Meanwhile, by Thursday, October 24, call money on the New York Stock Exchange was nearly unobtainable. Call money was money lent for the purchase of stock equity, with the stock itself serving as collateral for the loans. Call loans could be called in at any time. The opening rate for call money was 6 percent, but exchange president Ransom H. Thomas noticed a serious scarcity of money. At one point that morning a bid of 60 percent went out for call money. Yet, even at that exorbitant rate, no money was offered. The last recorded transaction of the day was at the opening rate of 6 percent. Fearing a total collapse of the stock market, Thomas called Stillman for aid. Stillman referred Thomas to Morgan, who was in control of most of the available funds. While Thomas traveled to Morgan’s office, the call money rate on the exchange reached 100 percent.

On October 25 another money pool was required. About $10 million came from the Morgan group, $2 million from First National, and $500,000 from Kuhn, Loeb, and Company. This time, however, Morgan allowed the market to determine the call money rate, which remained at nearly 50 percent most of the day. The Morgan funds had restrictions designed to stifle speculation. First, no margin sales were allowed-only cash sales for investment. Also, the full amount of Morgan money was not released until afternoon. Throughout the stock exchange crisis, both Trust Company of America and Lincoln Trust were supported by Morgan’s efforts. The Trust Company of America and Lincoln Trust required further aid, and Morgan convinced other trust presidents to support a $25 million loan for the troubled institutions. The funds were provided on November 4 after several nights of negotiation. The panic began to ease when the trust company presidents organized by Morgan agreed to form a consortium to support trust companies facing runs.

The most severe runs on deposits in New York City were limited to the trust companies, not the state or national banks. Deposits contracted at all the trusts in New York, not just the prominent ones like Knickerbocker (Moen and Tallman 1992). This raises a question. If only the trust companies were being run by depositors, why would the banks want to help their competitors? The stock market provides a key link. Runs on deposits forced trusts to liquidate their most liquid assets, call loans on the stock market. Large-scale liquidation of call loans depressed the value of stocks because the stock serving as collateral for the call loan had to be sold quickly to pay off the loan. The sudden increase in the supply of stock would depress stock prices. Given the predominance of national banks in the call loan market, extensive liquidation of call loans by trusts threatened the assets of national banks. National banks and the clearinghouse were aware that they were economically linked to the trust companies through the call loan market. They realized that runs on the trusts could spread to the national banks through the call loan market, giving the banks a strong financial incentive to help the trusts stop the panic, even if they had no legal interest.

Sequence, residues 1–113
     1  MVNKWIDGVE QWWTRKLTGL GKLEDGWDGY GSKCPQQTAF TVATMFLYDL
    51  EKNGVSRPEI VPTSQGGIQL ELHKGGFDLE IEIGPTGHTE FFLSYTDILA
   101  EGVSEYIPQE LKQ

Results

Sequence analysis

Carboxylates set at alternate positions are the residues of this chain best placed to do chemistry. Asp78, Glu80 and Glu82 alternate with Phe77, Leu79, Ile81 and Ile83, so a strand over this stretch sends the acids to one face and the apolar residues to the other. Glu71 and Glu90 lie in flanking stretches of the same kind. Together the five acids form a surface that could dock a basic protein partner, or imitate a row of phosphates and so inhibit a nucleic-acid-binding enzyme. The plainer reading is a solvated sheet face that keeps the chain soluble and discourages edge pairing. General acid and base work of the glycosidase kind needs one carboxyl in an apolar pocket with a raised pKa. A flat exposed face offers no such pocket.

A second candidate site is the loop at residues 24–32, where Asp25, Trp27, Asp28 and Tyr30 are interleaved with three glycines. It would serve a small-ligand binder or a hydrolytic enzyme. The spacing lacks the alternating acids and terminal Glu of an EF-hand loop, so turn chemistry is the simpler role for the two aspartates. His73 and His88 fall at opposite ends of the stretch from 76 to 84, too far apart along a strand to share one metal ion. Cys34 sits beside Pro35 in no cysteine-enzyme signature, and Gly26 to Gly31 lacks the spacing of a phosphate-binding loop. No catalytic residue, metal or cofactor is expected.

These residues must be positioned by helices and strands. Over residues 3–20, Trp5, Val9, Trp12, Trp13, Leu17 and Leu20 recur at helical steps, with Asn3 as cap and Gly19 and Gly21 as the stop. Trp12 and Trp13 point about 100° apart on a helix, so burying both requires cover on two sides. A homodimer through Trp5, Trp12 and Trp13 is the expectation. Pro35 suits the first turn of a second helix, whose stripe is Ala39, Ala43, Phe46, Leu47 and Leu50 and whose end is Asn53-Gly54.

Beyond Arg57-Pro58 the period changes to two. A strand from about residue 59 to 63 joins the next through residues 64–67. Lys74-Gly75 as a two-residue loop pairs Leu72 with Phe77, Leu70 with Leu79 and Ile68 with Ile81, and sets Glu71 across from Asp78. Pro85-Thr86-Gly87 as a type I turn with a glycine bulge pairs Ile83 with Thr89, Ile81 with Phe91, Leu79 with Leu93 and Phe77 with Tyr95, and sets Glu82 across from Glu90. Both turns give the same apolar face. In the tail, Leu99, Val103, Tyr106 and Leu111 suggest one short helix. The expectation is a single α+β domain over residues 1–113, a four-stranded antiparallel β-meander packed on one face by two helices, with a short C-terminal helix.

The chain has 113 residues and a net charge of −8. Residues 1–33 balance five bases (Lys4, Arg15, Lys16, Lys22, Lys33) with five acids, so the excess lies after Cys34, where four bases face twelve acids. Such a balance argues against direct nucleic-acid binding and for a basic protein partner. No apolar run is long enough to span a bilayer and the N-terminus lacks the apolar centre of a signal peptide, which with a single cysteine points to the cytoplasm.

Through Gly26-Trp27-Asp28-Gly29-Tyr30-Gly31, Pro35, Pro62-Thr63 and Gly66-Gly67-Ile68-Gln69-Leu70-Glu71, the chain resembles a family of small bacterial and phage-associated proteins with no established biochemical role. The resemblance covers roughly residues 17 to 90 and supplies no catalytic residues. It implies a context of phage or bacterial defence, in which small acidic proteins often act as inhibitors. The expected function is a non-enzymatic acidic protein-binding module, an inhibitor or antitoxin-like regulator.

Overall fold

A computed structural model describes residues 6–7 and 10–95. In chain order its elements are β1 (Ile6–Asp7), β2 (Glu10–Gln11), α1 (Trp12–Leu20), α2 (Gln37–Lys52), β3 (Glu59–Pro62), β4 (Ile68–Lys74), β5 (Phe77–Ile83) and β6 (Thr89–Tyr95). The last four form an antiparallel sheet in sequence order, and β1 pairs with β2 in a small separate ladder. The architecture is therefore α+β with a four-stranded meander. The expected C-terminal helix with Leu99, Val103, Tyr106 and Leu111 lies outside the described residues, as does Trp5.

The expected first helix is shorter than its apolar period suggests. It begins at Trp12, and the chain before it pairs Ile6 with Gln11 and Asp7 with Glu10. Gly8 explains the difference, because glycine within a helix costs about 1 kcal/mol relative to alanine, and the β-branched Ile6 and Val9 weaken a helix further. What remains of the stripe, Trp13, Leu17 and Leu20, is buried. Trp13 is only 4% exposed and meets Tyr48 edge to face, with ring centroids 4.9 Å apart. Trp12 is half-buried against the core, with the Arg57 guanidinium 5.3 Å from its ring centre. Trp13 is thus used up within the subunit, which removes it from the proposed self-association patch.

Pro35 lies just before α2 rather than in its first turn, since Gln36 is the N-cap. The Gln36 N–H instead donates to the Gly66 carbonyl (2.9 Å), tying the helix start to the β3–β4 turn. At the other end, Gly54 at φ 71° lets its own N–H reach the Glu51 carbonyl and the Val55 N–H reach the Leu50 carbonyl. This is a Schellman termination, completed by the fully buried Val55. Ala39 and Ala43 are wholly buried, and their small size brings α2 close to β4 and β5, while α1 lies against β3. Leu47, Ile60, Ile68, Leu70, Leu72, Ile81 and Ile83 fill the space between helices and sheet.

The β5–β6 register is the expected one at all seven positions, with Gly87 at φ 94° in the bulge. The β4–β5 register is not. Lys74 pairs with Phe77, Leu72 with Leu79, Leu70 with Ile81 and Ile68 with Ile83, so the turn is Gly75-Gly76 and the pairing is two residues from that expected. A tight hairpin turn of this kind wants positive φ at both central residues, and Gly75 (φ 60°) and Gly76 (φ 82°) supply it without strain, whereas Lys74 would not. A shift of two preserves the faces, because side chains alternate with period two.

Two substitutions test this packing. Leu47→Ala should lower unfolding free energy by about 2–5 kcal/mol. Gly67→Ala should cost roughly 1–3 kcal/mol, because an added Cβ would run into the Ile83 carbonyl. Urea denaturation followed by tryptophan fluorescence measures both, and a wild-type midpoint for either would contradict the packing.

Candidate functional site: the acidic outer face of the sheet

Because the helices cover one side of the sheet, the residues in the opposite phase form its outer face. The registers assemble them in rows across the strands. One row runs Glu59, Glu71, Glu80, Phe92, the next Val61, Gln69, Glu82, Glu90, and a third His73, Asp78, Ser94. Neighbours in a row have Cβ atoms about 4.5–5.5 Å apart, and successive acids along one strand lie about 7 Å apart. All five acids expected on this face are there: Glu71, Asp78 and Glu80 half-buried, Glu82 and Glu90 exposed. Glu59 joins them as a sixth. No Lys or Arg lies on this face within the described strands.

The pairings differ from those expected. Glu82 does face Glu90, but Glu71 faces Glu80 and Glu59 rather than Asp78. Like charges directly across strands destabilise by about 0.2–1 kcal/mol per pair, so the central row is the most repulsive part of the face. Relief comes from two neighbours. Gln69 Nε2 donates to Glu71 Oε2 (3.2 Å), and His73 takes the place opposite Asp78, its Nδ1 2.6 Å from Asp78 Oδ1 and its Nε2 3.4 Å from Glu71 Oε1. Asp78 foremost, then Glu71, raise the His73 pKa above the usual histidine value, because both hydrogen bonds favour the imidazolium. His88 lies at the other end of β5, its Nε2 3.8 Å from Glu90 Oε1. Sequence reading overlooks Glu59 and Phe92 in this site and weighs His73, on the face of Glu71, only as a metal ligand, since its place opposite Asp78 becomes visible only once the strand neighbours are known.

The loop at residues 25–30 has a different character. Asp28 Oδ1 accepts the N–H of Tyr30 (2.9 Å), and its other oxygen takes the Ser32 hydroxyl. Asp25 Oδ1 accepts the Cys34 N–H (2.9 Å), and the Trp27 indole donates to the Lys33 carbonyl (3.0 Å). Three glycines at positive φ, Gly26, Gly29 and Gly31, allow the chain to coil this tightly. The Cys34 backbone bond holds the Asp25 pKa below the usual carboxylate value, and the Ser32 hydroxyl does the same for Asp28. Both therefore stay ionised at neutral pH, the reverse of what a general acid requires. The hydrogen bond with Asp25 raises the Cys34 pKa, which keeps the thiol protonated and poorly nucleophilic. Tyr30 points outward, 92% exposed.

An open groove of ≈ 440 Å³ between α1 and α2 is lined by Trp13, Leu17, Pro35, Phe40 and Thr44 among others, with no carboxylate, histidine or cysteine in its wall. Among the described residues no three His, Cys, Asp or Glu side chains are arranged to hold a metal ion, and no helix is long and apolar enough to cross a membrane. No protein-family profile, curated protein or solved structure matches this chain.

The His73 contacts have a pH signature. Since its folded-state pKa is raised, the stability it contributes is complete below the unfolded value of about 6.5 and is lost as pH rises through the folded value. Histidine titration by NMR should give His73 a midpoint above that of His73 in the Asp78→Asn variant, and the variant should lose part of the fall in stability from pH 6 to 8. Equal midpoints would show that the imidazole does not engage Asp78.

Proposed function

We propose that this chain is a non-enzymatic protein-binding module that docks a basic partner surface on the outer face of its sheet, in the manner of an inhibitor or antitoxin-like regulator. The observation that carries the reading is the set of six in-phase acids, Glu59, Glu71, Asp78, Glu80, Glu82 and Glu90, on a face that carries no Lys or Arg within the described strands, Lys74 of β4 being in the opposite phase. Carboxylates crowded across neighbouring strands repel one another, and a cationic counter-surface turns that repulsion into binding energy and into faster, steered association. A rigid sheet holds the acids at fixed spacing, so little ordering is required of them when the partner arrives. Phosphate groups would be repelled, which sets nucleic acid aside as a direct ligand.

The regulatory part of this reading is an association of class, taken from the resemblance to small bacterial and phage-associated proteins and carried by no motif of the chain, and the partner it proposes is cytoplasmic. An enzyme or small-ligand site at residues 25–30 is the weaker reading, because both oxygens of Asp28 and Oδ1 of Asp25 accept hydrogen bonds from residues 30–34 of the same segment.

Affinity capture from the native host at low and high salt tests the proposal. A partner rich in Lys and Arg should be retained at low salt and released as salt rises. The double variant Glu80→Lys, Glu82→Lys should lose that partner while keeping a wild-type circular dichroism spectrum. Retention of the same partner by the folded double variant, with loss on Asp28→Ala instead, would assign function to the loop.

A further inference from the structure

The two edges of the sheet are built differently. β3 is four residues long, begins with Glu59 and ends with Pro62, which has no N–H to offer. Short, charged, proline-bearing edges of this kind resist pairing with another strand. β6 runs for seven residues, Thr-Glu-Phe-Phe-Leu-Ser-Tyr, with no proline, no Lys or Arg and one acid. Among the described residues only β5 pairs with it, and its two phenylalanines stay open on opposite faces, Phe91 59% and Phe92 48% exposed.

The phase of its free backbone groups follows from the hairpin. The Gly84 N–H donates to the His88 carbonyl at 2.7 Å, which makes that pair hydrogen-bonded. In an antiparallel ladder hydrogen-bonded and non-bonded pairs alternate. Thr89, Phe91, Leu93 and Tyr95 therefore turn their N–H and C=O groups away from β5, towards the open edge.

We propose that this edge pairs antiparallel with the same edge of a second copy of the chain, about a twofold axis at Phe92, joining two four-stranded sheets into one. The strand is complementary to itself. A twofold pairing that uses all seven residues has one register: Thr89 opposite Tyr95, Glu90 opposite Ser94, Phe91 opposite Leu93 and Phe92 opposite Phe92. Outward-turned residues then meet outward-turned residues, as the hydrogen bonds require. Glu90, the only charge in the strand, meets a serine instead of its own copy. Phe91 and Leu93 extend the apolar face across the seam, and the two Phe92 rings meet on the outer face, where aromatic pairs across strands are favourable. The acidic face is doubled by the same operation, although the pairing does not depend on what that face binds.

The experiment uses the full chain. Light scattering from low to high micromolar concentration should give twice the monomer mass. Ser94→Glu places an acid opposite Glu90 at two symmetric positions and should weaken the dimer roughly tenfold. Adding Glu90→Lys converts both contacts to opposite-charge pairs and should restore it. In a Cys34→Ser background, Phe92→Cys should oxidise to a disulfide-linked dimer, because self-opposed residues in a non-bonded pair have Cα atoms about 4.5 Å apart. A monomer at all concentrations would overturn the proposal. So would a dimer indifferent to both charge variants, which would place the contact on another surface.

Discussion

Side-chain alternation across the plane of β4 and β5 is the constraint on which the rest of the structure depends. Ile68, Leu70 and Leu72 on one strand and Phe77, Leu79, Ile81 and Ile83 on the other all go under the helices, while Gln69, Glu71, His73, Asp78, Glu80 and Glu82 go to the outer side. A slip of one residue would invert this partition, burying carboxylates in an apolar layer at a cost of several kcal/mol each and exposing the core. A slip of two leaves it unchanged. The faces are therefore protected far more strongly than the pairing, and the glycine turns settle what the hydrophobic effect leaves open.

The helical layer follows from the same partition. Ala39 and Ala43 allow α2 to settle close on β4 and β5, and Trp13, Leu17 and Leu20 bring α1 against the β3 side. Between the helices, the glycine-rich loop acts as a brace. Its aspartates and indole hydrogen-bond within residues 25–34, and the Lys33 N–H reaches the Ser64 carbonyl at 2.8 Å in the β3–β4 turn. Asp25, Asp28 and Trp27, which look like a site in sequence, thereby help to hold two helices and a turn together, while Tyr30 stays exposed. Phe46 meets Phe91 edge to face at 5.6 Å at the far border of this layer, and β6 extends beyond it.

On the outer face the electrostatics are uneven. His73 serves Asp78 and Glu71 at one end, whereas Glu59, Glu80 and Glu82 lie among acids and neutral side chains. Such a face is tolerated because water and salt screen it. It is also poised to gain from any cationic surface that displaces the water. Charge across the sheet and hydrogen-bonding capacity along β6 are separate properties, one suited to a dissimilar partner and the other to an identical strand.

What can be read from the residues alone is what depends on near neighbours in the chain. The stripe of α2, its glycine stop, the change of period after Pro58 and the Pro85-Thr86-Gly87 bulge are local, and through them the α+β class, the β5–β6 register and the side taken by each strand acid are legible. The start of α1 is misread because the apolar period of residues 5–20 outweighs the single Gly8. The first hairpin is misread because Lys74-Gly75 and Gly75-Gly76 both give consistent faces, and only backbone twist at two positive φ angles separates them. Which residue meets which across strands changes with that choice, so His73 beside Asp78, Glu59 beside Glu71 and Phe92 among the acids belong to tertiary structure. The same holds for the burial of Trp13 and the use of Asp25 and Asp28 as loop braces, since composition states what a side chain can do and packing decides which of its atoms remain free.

The New York Clearinghouse Association Steps In

While financiers were working out the crises with the trusts and the call loan market, money and reserves had become increasingly tight at banks. On October 26 the Clearinghouse issued clearinghouse loan certificates as an artificial mechanism to increase the supply of currency available to the public, a tactic it had used in earlier financial crises in 1873 and 1893 (Timberlake 1984; Gorton 1985; Tallman 1988).

Although the national banking system offered no legal mechanism to increase the supply of currency quickly, loan certificates provided an informal (if unlawful) way to free up a sizable amount of cash. In normal business banks used currency as reserve assets and as the medium to clear accounts with each other. Clearinghouse loan certificates enabled banks to convert their noncash assets into cash during a crisis: banks would substitute loan certificates for currency in their clearings, thus releasing the currency to pay depositors who demanded cash. In effect, loan certificates were IOUs between banks that were backed by eligible assets of the bank. Loan certificates were not recognized as currency by the public or by depositors, and they could legally circulate only among banks, not the public. A. Piatt Andrew (1908) noted, however, that during the 1907 Panic, a number of substitutes for cash were employed in transactions.